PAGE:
After a year and a half of this, I transferred over to the training department and went back to teaching. Dot went through 3 surgery procedures in less than 6 months, and my Mom came down with cancer. After all of this, in August, I was tasked with teaching classes onsite at two of our customer locations, one in Oregon, and the other in Idaho. Since I do not like to fly, and they were agreeable, I arranged to drive across country to do the classes. Well, on the way back I pushed it. I was smoking like crazy, drinking coffee and driving long hours.
Suddenly, on I-90, along about Amsterdam, NY, my chest tightened up, and pain was creeping up my left arm. The left side of my head felt like it was going numb and I was sure that I was having a heart attack. I pulled over at a toll center and had them call an ambulance.
The next few weeks I learned some things about stress. I had just gone through a year that was guaranteed to do me physical harm, according to the checklist I had found in a book on stress. Changing jobs, the medical problems with Dot, my Mom's cancer, and several other personal issues had added up to exceeding the tolerance specifications for the human body. To this day, I am not sure what happened in 1990 on the toll way through New York. My doctor says that I may have had a very small stroke. My cousin who is a nurse says that sometimes blood vessels can contract so much that they create the same symptoms that other forms of blockage can produce. Whatever it was, it scared me pretty badly.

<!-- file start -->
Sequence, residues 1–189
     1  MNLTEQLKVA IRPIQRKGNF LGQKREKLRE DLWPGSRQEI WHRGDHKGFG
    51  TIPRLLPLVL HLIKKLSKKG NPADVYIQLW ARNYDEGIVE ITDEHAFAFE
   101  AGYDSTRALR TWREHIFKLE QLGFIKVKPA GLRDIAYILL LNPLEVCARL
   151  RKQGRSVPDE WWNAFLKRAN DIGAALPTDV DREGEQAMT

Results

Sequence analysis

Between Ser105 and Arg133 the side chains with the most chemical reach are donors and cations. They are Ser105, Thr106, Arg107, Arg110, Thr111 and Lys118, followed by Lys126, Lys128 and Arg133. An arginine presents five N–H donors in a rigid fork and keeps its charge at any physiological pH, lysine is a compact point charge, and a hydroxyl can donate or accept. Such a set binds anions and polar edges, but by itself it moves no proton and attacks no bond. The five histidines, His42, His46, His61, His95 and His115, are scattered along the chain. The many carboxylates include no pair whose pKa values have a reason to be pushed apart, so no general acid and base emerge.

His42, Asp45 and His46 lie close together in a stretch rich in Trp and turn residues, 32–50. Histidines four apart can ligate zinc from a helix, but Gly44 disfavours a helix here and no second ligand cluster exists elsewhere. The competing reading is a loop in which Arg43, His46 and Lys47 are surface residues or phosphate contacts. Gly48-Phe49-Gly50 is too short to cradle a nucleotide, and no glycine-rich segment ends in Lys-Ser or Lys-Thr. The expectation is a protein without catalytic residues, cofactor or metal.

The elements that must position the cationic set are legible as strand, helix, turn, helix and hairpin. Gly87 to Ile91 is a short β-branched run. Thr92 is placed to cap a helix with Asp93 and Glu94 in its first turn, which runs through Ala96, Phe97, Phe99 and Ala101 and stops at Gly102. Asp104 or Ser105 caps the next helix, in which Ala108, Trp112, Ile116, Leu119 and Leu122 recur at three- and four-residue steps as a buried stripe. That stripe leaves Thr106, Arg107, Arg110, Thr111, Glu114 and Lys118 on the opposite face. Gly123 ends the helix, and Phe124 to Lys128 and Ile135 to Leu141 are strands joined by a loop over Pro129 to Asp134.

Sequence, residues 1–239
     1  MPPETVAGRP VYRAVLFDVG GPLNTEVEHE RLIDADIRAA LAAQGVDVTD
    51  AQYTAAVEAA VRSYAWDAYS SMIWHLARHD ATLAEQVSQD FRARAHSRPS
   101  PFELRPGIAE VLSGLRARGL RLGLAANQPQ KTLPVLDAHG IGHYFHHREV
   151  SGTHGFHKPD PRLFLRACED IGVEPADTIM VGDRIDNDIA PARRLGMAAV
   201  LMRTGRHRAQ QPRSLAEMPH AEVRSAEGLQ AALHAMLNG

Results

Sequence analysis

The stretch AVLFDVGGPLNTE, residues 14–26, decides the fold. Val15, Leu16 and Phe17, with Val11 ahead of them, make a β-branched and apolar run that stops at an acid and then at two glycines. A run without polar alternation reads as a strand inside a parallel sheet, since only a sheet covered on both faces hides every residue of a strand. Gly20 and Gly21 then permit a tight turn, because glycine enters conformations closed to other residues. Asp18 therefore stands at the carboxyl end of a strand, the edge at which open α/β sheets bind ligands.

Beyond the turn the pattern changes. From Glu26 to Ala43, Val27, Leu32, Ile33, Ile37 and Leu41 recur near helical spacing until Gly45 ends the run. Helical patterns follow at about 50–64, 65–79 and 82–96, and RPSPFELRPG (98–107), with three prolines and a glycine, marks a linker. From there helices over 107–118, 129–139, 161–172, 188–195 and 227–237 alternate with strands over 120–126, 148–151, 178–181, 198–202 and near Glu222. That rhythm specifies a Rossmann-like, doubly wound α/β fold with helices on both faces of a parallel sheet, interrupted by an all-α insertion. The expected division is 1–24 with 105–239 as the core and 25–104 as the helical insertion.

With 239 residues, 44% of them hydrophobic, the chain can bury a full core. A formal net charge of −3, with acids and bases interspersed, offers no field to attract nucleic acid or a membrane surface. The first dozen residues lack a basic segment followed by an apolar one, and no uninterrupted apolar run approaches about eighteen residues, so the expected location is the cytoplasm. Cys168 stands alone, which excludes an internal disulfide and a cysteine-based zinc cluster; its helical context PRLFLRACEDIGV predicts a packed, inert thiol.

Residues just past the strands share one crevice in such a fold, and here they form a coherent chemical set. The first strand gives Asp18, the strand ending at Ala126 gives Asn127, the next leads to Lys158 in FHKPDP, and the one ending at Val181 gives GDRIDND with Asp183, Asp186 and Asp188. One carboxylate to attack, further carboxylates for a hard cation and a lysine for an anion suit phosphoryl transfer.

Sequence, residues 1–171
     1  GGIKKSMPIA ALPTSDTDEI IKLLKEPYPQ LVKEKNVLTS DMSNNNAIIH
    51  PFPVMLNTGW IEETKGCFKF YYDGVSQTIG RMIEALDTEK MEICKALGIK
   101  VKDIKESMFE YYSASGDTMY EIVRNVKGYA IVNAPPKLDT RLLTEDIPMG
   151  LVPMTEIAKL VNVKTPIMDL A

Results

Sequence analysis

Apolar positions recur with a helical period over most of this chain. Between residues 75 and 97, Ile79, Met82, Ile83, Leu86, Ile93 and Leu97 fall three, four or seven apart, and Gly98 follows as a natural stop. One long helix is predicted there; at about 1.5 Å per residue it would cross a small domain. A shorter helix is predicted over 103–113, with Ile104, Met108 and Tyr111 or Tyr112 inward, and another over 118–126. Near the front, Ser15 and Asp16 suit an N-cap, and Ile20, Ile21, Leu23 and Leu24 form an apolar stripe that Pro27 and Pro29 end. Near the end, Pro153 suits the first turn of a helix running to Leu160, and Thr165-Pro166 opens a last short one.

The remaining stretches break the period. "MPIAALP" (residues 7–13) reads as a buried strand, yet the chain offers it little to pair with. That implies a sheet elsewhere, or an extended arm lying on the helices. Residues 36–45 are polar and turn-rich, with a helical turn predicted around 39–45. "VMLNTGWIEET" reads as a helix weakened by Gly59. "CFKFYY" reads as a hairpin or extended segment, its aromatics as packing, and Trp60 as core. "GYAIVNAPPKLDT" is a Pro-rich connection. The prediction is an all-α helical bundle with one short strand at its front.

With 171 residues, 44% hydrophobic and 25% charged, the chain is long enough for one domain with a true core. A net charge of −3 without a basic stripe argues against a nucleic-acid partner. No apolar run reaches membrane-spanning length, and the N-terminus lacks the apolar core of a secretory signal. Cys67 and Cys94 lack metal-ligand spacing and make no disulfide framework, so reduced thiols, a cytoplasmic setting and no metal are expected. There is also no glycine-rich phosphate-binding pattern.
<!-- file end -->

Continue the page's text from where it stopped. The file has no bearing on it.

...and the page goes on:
Obviously, the smoking had contributed to the problem. It should have been very motivating for me to quick you might think. I laid the cigarettes down, for about 2 days and then I was right back on them again. But I was thinking about quitting every day. I started getting ready. I counted my cigarettes, and worked my triggers, and after a few months, I actually did quit. I wrote in my diary on October 22, 1990 "Today at work I made up my mind that I am not letting go this time. I am quitting, and quitting, and quitting again, until I quit for good!!!"
And I did. I finally laid the cigarettes down for 5 years. I did not even think about cigarettes anymore for the most part. But I found that you must be vigilant. When stress hits you, the habit is always ready to come forward and offer its own deadly form of "support." I went from training to field service, in order to get back to the West coast where Dot and I were more at home. The down side of the change was that all at once I found myself flying a lot, which I do not like. On one trip to Texas, I found myself with a pack of cigarettes in my hand. Before long, I was back to smoking again.
It took me 2 years to come around to my senses once more, and I quit again. This time, I have gone 2 and half years, without a cigarette, and I am on my guard. When I smell a cigarette, or think about a cigarette, I tell myself, "No way! Never again." I will not even contemplate it for a moment. And the temptation, and it is a very rare temptation indeed these days, evaporates instantly.
I have found that quitting smoking is a very personal process. It is cluttered with guilt and shame, and overgrown with frustration and tears. But when you can look that green-eyed, smoke breathing monster of a habit it in the eye, and know that you now are no longer under his power, it is a wonderful feeling. To be master of your own life, and no longer even think about where the closest designated smoking area is located is wonderful. I no longer have to find a restaurant with a smoking area. I no longer have to get up in the middle of a movie and go out into the lobby, or all the way outside to have a smoke. I can stay as long as I like in the library, or in a store where smoking is not permitted. It is a freedom that I could only dream about for years. (See Dear Non-Smoking Al.)